By Mark Hendricks
Patrick’s was a good team that year. Three or four star players. Several more who, like Patrick, were solid, steady and took well to good coaching. The brightest star on the team was Kevin. He could play any position. His glove was a vacuum cleaner on defense. On the mound, he threw nothing but strikes. He was a terrific hitter with a beautiful swing. And on the base paths, he was simply the fastest kid in the city. Kevin won ballgames for us that year. Several, in fact.
Kevin had only one bad game all year. That was the same night Patrick had perhaps his best game ever. Patrick’s stars were aligned that night. The kid was everywhere. He was playing first and there were two on and two out. The batter hit a screaming liner well over his head, but ol’ Patrick’s cleats musta had wings that night. Michael Jordan in his prime may not have been able to get up for that ball, but, somehow, Patrick did. When he came down, he looked in his glove in disbelief. The ball was there. On the way to the dugout, his teammates whacked his butt, punched his shoulder, smacked the back of his head.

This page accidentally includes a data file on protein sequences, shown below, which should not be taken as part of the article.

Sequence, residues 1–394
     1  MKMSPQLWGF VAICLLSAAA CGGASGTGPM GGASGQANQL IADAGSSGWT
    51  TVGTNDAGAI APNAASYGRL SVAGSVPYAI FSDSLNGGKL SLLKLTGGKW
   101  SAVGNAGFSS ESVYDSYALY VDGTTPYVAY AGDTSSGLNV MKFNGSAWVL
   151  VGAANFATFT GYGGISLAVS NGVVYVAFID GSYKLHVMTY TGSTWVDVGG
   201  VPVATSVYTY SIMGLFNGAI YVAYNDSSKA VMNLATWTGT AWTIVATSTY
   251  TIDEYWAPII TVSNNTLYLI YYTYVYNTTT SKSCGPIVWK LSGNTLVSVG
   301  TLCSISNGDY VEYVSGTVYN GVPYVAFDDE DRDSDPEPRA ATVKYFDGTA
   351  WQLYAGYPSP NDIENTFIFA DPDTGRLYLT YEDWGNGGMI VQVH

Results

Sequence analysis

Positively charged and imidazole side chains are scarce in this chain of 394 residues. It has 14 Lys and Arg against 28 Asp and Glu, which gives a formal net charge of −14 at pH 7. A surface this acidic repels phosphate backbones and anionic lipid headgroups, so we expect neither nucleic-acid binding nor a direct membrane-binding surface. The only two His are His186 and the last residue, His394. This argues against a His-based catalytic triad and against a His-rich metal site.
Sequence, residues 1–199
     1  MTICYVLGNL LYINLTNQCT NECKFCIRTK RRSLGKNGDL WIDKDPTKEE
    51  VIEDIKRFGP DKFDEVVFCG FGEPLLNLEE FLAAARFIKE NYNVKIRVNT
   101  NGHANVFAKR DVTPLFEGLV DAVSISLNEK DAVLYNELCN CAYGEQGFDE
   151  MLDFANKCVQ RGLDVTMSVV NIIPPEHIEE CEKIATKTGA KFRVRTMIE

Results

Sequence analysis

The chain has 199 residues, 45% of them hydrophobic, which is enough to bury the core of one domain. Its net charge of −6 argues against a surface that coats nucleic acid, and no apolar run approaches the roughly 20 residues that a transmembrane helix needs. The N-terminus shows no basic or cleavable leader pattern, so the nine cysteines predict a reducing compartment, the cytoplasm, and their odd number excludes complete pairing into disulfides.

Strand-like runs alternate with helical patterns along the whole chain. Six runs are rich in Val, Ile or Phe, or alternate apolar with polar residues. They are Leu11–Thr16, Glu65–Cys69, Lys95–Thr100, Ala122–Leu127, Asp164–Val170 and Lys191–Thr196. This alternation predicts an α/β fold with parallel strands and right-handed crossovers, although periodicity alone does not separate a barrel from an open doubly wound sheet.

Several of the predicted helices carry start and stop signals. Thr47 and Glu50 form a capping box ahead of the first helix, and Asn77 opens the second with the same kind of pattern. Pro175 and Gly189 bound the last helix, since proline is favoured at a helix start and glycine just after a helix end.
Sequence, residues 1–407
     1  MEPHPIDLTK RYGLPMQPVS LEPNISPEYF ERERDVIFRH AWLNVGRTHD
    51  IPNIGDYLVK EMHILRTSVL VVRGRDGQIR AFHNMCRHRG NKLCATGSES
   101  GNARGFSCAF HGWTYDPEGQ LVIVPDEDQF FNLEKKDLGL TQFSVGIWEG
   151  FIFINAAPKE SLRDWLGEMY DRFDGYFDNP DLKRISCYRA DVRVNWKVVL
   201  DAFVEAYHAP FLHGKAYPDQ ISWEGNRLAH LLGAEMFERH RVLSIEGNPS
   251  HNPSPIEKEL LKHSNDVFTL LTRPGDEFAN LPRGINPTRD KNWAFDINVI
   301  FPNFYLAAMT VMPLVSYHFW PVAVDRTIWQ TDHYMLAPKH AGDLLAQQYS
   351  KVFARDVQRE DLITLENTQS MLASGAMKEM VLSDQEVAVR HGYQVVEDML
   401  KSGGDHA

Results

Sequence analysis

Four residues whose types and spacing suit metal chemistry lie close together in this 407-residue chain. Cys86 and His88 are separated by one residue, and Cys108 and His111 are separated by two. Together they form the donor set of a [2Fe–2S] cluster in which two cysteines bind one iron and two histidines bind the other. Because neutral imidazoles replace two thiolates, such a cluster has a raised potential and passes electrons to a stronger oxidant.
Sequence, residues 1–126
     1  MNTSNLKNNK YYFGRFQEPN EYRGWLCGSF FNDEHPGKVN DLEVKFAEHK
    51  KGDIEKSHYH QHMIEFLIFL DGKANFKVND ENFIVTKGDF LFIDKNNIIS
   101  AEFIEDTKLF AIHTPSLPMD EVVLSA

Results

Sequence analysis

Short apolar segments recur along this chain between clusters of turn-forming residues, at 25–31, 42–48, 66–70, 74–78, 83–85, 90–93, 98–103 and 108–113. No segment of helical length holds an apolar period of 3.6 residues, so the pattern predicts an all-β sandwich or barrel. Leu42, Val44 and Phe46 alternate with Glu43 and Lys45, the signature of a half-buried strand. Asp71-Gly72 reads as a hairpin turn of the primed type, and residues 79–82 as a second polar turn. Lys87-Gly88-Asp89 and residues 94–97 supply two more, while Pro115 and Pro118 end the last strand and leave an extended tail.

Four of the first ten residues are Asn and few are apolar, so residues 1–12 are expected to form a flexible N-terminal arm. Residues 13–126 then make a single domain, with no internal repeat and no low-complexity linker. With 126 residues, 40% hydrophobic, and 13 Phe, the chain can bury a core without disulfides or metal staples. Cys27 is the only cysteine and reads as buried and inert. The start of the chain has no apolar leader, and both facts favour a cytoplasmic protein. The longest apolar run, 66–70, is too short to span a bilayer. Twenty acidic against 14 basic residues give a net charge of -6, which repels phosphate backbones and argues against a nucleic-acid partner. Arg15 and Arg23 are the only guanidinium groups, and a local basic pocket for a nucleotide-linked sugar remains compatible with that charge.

Jeez, it must hurt to be a star, I thought.
The child of a Marine Corps officer, Mark grew up on the move. A barefoot childhood on the beaches of Oahu, coming of age in the Commonwealth of Virginia, Mark made his way through five universities before settling in as a Texas State University Bobcat. He was a news, crime and sports reporter as well as news editor for the Laredo News, and served time at the San Marcos Daily Record. After a decade or so in the newspaper business, he went into higher education communications, and has spent almost a quarter-century back at Texas State, where he is now the Director of the University News Service.